BRITISH Prime Minister Theresa May arrived in Wuhan, Central China’s Hubei Province, yesterday, starting a three-day official visit to China at the invitation of Chinese Premier Li Keqiang.
During the visit, May will co-host the bilateral annual prime ministerial meeting with Li and meet with Chinese leaders in Beijing to exchange opinions on bilateral ties and international and regional issues.
This is May’s second visit to China as prime minister after she attended the G20 Summit in the eastern Chinese city of Hangzhou in September 2016.
She will hold talks with President Xi Jinping today and wrap up her visit tomorrow in the eastern business hub of Shanghai.
May wants to burnish the “golden era” between the countries announced by Xi during a State visit to Britain in 2015.
In a major outcome reached at the recent China-U.K. Economic and Financial Dialogue, the two are proposing a bilateral investment fund with the first round of US$1.3 billion to create jobs, promote trade and support the China-proposed Belt and Road Initiative.
The two countries also plan to step up practical cooperation in such fields as nuclear technology, high-speed train, energy, aerospace and artificial intelligence, among others. The China-Britain relationship has been considered an exemplar for China-West ties in terms of putting aside differences and seeking the largest possible common ground. Britain is the first major Western country to join the China-proposed Asian Infrastructure Investment Bank as a founding member.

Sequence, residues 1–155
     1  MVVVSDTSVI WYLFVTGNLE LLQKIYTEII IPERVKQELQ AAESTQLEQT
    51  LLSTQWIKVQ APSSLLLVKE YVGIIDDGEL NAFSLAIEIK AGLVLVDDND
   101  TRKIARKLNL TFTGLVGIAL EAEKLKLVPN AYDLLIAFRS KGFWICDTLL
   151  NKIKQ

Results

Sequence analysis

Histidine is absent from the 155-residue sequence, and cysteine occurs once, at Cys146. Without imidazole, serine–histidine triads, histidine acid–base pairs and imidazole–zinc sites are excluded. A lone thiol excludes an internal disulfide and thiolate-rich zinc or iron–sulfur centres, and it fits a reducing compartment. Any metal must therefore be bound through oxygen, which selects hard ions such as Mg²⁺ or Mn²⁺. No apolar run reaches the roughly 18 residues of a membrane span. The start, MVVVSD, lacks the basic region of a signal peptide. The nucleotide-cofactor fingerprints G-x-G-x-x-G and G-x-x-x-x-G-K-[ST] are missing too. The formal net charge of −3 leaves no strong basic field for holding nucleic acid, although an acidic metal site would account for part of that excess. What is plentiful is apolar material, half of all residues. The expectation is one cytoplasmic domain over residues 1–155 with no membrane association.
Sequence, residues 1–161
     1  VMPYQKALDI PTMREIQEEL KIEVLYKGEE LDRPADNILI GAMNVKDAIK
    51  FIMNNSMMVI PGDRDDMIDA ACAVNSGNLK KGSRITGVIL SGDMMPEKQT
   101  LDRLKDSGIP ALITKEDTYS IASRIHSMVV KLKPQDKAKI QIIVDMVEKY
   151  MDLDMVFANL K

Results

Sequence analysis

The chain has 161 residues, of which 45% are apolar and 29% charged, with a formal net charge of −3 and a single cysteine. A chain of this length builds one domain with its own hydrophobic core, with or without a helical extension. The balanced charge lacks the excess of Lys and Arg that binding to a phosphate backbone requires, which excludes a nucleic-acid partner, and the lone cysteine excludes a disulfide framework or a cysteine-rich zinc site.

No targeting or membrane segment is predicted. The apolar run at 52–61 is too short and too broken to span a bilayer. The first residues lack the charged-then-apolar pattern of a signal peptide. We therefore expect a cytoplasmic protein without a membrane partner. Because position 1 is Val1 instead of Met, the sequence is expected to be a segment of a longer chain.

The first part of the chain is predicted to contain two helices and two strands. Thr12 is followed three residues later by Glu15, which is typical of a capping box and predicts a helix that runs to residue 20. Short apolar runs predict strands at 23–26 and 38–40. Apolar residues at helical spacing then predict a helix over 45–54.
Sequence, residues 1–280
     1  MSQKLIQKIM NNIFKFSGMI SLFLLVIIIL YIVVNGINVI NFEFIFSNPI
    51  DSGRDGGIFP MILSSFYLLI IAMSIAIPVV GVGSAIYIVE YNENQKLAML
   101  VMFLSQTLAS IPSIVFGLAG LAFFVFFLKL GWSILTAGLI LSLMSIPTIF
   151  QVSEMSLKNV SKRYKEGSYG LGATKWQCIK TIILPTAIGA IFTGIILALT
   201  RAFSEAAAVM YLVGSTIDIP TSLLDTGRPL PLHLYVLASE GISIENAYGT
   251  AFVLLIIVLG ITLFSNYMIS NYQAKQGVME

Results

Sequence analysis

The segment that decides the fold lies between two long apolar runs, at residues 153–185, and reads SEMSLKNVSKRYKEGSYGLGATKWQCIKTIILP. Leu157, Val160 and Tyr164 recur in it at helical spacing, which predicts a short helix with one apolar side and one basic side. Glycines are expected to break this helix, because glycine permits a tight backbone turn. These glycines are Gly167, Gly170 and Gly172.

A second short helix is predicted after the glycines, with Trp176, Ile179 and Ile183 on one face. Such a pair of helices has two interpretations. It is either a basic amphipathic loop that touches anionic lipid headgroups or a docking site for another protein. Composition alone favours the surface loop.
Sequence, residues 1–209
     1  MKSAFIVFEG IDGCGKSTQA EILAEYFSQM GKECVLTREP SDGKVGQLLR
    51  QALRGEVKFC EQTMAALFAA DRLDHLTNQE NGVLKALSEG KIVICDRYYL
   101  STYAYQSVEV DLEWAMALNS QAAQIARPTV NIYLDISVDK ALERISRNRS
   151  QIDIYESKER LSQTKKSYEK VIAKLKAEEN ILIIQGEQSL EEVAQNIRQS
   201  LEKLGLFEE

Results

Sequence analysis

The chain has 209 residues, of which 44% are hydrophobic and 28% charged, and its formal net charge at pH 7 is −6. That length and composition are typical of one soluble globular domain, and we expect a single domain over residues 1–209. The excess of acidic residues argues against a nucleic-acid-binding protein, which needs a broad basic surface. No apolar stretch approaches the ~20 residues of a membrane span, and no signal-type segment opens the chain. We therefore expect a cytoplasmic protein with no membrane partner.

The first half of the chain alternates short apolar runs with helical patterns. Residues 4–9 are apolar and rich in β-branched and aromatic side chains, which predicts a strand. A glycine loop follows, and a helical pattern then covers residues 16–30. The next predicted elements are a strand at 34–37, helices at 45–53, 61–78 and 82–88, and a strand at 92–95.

May said yesterday in Wuhan that Britain is eyeing closer cooperation with China in education and culture. She said Britain and China had long cooperated in education and achieved results.
Jiang Chaoliang, Party secretary of the Hubei Provincial Committee, welcomed May and the British delegation of 50 businesses and organizations at the elite Wuhan University.
Cooperation in education between Hubei and British organizations has become prominent in China-U.K. cultural exchanges, said Jiang in a welcome speech. He hoped that May’s visit would open a new chapter in cultural cooperation between Hubei and Britain.
May said new agreements signed on her trip would “enable more children and more young people than ever to share their ideas about our two great nations,” helping to ensure that “our golden era of cooperation will endure for generations to come.”